Published: Tue, August 07, 2018
Research | By Jody Lindsey

SpaceX Re-Launches 'Block 5' Rocket for 1st Time, Nails Landing Again

SpaceX Re-Launches 'Block 5' Rocket for 1st Time, Nails Landing Again

Not so for SpaceX, which Monday relaunched and retrieved its block 5 Falcon 9 rocket for the first time. Rather, it really is the case that the first Block 5 reuse is one of the most important things ever done by SpaceX. The rocket's first stage returned to earth, landing on the "Of Course I Still Love You" drone ship in the Atlantic Ocean.

The Falcon 9 with the Block 5 launched from Complex 40 at Cape Canaveral Air Force Station in Florida.

The block 5 is the rocket SpaceX founder Elon Musk is counting on to launch astronauts to the International Space Station starting next year, the centerpiece of the company's drive to lower launch costs while improving reliability.

The rocket's upgrades are aimed at shortening the turnaround time for recovery and reuse.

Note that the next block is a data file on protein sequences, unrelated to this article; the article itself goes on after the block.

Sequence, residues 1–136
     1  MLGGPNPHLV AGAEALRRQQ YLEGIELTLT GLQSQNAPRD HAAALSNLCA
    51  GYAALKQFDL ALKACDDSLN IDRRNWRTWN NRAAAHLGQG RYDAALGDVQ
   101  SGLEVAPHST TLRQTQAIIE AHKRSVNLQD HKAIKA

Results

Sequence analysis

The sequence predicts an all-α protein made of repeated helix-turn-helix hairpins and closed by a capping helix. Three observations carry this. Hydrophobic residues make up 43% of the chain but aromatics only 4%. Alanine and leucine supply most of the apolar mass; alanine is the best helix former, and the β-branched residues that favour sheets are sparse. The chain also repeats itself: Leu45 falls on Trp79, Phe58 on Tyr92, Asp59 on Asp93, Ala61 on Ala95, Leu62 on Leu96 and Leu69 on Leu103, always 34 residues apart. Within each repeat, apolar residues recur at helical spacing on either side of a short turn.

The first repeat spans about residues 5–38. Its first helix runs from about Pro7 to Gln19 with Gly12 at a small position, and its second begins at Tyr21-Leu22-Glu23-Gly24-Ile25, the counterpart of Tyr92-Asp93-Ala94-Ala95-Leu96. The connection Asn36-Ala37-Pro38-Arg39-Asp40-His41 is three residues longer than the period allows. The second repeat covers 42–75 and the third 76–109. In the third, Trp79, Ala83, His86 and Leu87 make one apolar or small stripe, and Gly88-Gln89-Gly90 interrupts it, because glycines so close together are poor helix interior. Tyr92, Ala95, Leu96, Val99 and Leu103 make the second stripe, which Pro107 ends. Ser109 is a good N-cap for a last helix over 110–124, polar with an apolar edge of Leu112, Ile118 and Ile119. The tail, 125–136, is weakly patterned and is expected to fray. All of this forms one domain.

Between 30 and 50 boosters for Falcon 9 Block 5 vehicles could be manufactured to meet customer demand, each flying multiple times, he said.

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The Merah Putih satellite is designed for a 16-year life, its owner said in a statement.

Merah Putih's on-board propulsion system will be used to circularize the orbit at the intended 22,300-mile altitude and to maneuver it to its designated operational location at 108 degrees east longitude. "SSL has been an excellent spacecraft supplier and has completed the satellite construction ahead of schedule".

Launch coverage can be seen on Space Coast Daily TV. Its primary goal is to launch a 5.8-ton satellite called Merah Putih meant to improve telecommunications in Indonesia, India, and much of Southeast Asia. After extensive testing and checkout, the satellite will be put into service. The new satellite will service Indonesia and Southeast Asia.

The two-hour launch window opens on Tuesday, August 7 at 1:18 a.m. EDT, or 5:18 UTC.

With the third reuse now explicitly on the table for B1046 "later this year", Falcon 9 has broken a two-launch ceiling that long loomed over its older predecessors. Another predawn Falcon 9 flight from Vandenberg Air Force Base in California on July 25 delivered 10 Iridium voice and data relay payloads to orbit.

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